Investigating performance bottlenecks in your web application - Part 2

In the previous post we talked about the performance tuning of the application by finding the bottlenecks in the code and modifying them to get a better response time. However, the code is not the only factor in performance tuning process. In this post I will list the other parameters that will affect the overall response time of the web requests.

application Release mode vs Debug mode

Make sure the assemblies are compiled in release mode. Debug and Release are different configurations for building your project. As the name implies, you generally use the Debug mode for debugging your project, and the Release mode for the final build for end users. The Debug mode does not optimize the binary it produces (as optimizations can greatly complicate debugging), and generates additional data to aid debugging. The Release mode enables optimizations and generates less (or no) extra debug data.

You should also make sure to set the debug mode to false in web.config:



 



IIS request pipeline mode
if you are using IIS 7+ to host the application it is highly recommended to have a separate application pool assigned to the web application and set the pipeline mode to Integrated with target .Net framework 4.0. IIS7+ supports both classic and integrated modes. Classic mode follows the request pipeline structure as in IIS6. Integrated mode follows the IIS7 new pipeline structure witch is completely different. The following articles will help you to understand the differences and features of each mode:

How to Take Advantage of the IIS 7.0 Integrated Pipeline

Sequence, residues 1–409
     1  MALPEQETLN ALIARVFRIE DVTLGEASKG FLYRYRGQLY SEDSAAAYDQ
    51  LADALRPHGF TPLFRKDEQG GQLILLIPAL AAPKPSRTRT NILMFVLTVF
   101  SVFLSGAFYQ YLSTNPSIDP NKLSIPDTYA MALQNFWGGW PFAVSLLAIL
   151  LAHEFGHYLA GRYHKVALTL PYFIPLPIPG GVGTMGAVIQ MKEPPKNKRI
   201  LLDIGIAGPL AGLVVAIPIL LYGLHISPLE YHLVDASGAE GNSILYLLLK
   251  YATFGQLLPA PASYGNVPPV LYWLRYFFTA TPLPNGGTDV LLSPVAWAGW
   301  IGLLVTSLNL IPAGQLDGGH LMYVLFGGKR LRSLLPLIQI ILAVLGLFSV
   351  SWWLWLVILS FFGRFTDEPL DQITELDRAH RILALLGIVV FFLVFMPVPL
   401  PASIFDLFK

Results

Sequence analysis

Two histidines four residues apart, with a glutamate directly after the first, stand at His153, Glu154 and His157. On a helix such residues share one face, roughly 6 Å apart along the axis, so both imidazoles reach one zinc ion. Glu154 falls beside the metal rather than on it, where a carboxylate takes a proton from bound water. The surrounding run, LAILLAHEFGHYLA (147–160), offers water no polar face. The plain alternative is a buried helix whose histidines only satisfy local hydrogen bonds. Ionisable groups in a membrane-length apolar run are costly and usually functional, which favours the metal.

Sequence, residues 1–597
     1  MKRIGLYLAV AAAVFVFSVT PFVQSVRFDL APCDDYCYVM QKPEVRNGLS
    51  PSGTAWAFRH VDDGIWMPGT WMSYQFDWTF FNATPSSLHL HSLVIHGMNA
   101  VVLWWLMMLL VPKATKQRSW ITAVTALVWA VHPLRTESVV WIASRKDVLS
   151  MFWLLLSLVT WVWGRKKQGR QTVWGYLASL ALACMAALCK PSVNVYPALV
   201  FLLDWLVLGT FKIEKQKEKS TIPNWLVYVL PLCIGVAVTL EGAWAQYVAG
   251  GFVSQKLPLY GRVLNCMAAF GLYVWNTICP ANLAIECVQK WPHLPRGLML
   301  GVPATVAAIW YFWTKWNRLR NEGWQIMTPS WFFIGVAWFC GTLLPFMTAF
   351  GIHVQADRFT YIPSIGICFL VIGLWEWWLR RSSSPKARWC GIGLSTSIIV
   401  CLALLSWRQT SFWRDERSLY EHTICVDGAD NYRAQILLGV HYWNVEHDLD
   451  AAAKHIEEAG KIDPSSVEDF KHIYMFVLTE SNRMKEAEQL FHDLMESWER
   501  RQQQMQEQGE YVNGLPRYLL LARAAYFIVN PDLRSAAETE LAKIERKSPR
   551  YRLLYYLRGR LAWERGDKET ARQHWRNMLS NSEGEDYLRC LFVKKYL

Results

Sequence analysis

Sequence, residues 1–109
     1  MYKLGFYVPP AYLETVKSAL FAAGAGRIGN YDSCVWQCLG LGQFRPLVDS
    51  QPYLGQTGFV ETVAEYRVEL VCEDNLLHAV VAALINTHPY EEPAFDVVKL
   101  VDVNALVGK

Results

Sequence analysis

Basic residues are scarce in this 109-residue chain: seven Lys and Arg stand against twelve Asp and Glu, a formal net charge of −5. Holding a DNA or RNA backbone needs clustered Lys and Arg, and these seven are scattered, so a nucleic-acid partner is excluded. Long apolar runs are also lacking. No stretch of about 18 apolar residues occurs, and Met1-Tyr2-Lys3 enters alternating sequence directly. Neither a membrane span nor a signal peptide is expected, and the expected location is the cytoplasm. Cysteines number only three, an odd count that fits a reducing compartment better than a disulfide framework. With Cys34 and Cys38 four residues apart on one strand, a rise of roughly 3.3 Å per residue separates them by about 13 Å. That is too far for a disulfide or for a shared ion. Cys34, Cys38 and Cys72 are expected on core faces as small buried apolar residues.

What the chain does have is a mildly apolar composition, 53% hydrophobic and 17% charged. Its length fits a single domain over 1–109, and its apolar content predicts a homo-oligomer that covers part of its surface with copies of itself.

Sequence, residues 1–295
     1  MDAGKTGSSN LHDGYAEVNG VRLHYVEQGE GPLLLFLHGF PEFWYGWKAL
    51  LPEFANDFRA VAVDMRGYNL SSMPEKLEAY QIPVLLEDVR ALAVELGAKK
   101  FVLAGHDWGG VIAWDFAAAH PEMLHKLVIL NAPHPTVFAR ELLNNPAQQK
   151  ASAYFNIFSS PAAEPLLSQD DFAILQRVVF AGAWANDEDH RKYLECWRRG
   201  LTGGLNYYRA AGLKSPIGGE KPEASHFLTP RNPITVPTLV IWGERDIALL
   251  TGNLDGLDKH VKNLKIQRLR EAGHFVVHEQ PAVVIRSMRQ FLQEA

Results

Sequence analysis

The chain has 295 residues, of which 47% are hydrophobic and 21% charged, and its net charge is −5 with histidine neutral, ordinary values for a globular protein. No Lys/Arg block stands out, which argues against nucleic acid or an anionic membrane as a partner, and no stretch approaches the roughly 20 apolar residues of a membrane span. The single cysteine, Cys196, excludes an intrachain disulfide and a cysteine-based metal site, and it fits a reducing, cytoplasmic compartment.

ASP.NET Thread Usage on IIS 7.0 and 6.0

If your application is now working in classic mode then you need to make some changes in config file to support integrated mode. The easiest way is using IIS appcmd command. In command prompt window type the following command :
%SystemRoot%\system32\inetsrv\appcmd migrate config "SiteName/"

[SiteName] is the name of your web site. This command will change the web.config file in the root of web site. By comparing the old and new config file you will find out that this command puts all your httpHandlers and httpModules in section.

For ASP.NET MVC applications make sure the modules section inside the contains the following parts:


      
      
      
      


machine.config
ASP.NET Process Model configuration defines some process level properties like how many number of threads ASP.NET uses, how long it blocks a thread before timing out, how many requests to keep waiting for IO works to complete and so on. The default is in many cases too limiting. Nowadays hardware has become quite cheap and dual core with gigabyte RAM servers have become a very common choice. So, the process model configuration can be tweaked to make ASP.NET process consume more system resources and provide better scalability from each server.

You can tweak the process model in machine.config file located in the $WINDOWS$\Microsoft.NET\Framework\$VERSION$\CONFIG directory. 10 ASP.NET Performance and Scalability Secrets is one of the best articles on the web that guides you very well.

In the Complete Guide .NET Performance and Optimization , Paul Glavich and Chris Farrell offer a comprehensive and essential handbook to anybody looking to set up a .NET testing environment and get the best results out of it, or just learn effective techniques for testing and optimizing their .NET applications. I strongly recommend this book to every web developer.

1 comment:

  1. Sometime Data enables a developer to evaluate application performance range in the beginning of project in .net performance and to creat code knowing, which mode is the best to use our visual components.
    http://www.dapfor.com/en/net-suite/net-grid/features/performance

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